This is so frustrating. Because of a perceived flaw, the Senate may send back to the House a bill that would expunge the criminal records of men who were convicted of committing homosexual acts in the years when such acts were illegal.
The Senate may amend the bill and return it to the House of Commons. But with other legislation crowding the agenda, the bill would then be at risk of dying on the order paper.
There are no good choices, here. Pass an imperfect bill or gamble on improving it, knowing you might seal its fate.
In November, Prime Minister Justin Trudeau apologized in the House of Commons on behalf of the Canadian government for past injustices committed against the LGBTQ community.
In essence, the apology came in two parts: to those who were criminally prosecuted simply because they were homosexual; and to public servants and members of the military who were dismissed or harassed because of their sexuality.
On the second part, the news is good. A class-action lawsuit that would see the federal government providing up to $110-million in compensation to affected public servants and members of the military awaits only the final sign-off from a judge in June.
The legislation to expunge criminal convictions passed the House with unanimous consent. Most people thought it would also sail through the Senate. This was not to be.
There’s a legal hole in C-66. While it includes men who were convicted in the years when same-sex acts were illegal, it does not include the thousands who were arrested in bathhouse raids, in the years when the police harassed those establishments. Gary Kinsman, a sociologist and co-author (with Patrizia Gentile) of The Canadian War on Queers considers this highly unjust.
“This is a fundamentally flawed bill,” he said in an interview. “It does not actually address historically unjust convictions.”
Senator Serge Joyal agrees. “I have a constitutional problem,” he explained on Monday. A 2005 Supreme Court decision (R. v. Labaye) made bathhouses (among other things) legal. Unless those convicted in past bathhouse raids can have those convictions expunged, the senator believes there would be two groups of legally similar people treated differently under the law, which would violate the Charter.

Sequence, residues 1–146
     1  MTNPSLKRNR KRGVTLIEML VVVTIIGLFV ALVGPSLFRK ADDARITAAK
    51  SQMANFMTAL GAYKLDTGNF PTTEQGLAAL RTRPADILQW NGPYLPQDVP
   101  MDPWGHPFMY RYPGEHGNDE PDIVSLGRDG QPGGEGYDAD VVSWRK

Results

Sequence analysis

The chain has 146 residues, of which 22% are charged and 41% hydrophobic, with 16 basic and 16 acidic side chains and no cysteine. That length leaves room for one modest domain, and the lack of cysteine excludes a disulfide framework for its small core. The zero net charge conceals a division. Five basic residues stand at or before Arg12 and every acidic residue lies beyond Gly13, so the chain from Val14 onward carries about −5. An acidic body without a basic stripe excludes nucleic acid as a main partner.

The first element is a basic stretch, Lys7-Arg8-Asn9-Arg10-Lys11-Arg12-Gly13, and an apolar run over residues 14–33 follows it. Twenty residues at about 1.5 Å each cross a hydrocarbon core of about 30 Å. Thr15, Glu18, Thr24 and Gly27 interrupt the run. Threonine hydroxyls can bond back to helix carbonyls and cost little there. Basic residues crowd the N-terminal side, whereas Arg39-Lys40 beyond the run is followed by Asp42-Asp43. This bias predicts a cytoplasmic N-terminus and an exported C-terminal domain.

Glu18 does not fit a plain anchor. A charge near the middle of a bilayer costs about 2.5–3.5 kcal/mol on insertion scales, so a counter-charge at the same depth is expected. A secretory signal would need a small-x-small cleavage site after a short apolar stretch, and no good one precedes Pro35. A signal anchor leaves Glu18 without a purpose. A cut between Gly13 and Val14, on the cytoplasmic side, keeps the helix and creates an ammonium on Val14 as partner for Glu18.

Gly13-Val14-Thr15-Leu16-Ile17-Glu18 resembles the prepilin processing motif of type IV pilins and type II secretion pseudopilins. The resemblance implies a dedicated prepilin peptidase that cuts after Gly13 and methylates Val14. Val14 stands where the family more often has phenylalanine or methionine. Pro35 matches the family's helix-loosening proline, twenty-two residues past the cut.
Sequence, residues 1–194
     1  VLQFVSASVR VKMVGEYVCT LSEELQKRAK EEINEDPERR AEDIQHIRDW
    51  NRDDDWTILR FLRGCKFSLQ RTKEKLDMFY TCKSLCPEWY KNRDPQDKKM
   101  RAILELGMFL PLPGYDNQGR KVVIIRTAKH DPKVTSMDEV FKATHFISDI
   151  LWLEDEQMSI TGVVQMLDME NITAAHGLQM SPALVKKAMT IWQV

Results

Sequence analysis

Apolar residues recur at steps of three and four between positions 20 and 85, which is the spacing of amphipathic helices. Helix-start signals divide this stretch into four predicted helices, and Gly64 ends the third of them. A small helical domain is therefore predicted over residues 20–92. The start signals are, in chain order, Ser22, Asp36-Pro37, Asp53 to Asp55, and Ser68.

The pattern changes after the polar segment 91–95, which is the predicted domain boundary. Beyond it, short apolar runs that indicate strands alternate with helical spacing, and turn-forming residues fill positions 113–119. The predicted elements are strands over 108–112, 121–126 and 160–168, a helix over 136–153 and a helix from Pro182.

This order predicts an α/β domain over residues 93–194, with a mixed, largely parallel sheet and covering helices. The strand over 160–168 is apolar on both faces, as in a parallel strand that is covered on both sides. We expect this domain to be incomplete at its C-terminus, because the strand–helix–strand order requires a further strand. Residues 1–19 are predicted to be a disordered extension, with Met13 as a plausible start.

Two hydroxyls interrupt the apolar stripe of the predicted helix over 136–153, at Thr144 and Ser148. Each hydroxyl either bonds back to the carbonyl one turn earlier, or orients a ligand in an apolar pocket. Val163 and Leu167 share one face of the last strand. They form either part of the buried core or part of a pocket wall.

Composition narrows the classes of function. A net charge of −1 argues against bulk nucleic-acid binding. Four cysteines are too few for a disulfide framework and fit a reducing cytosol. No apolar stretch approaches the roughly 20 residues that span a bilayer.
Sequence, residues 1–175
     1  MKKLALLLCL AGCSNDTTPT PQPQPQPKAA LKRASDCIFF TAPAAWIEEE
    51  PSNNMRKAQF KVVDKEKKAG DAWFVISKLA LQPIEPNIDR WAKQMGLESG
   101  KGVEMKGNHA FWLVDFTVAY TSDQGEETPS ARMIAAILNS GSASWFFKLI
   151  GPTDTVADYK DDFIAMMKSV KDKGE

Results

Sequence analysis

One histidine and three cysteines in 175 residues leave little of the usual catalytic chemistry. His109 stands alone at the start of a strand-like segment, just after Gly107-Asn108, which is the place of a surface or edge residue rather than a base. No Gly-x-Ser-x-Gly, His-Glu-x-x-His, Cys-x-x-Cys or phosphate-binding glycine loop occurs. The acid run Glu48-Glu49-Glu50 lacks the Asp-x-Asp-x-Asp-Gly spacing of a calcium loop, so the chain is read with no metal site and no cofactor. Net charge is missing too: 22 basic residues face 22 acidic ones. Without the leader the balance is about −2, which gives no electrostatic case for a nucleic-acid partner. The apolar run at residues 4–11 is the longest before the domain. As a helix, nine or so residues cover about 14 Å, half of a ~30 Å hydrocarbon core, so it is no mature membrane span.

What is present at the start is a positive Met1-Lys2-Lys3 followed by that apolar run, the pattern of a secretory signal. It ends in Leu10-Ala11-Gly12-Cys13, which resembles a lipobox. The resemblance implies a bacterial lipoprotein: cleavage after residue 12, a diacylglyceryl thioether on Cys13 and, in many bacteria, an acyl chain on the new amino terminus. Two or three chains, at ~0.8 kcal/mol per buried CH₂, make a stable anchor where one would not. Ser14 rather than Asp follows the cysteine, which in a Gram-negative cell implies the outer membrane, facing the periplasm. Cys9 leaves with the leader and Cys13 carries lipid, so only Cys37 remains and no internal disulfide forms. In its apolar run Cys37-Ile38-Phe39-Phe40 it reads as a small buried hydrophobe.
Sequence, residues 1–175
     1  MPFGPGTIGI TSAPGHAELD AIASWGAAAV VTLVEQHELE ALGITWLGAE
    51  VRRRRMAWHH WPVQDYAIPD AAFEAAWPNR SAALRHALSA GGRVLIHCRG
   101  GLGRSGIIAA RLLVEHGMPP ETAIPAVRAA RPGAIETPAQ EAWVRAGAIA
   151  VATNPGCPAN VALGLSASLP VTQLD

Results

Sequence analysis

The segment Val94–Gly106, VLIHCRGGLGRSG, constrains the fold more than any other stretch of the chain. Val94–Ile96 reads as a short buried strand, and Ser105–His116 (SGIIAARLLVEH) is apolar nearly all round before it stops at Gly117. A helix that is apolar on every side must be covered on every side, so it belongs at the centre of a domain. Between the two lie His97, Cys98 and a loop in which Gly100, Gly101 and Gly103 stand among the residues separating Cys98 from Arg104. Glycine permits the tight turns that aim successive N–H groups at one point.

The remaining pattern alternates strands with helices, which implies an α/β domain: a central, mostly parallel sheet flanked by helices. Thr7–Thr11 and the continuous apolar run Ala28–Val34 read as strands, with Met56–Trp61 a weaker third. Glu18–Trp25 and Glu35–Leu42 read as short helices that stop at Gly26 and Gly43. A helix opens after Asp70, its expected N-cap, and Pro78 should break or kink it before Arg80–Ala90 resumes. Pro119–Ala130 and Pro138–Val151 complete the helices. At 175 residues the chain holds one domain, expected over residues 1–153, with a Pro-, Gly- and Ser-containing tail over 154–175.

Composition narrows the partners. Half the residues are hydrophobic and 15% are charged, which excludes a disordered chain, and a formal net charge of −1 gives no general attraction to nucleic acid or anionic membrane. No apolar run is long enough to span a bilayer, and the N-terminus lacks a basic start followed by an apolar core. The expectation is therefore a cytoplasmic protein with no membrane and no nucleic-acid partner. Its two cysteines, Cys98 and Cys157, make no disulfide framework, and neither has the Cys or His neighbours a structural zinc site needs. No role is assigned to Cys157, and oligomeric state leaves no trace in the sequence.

Public Safety Minister Ralph Goodale disagrees. In testimony before the Senate, he said that because bawdy-house laws are still on the books, expunging bathhouse-raid convictions are problematic.
And so, he told the Senate human-rights committee, the government decided to proceed with a legislative half-loaf, “rather than delaying this whole process, to the point where we could declare perfection with respect to every previous act that was discriminatory.” Mr. Goodale promised to look at whether bathhouse-raid convictions could be added later by regulation, once the bill had passed.
Mr. Trudeau specifically mentioned the injustice of the bathhouse raids in his apology. The convictions should be expunged.
But if the Senate writes a bathhouse-raid amendment to the bill and sends it back to the House, that bill will have to fight for legislative time. There may no longer be unanimous consent. The bill could die.
Senators, then, face a choice. Pass Bill C-66 knowing that a large group of gay men who deserve to have their criminal records expunged will be left out, or return the bill to the House with a proposed amendment to include those men, which could put the bill at risk.
At the heart of the dispute is the Liberals’ approach to the apology and subsequent measures. While Edmonton MP Randy Boissonnault was appointed to advise Mr. Trudeau on LGBTQ issues, many members of the community complained that there was little consultation.
Had the government been more open in its deliberations, it might have focused more closely on the question of bathhouse raids and found a way to include them in the bill.
Lack of proper consultation is at the root of a very difficult choice that senators must make. It’s never a good day when you’re in search of the least-bad option.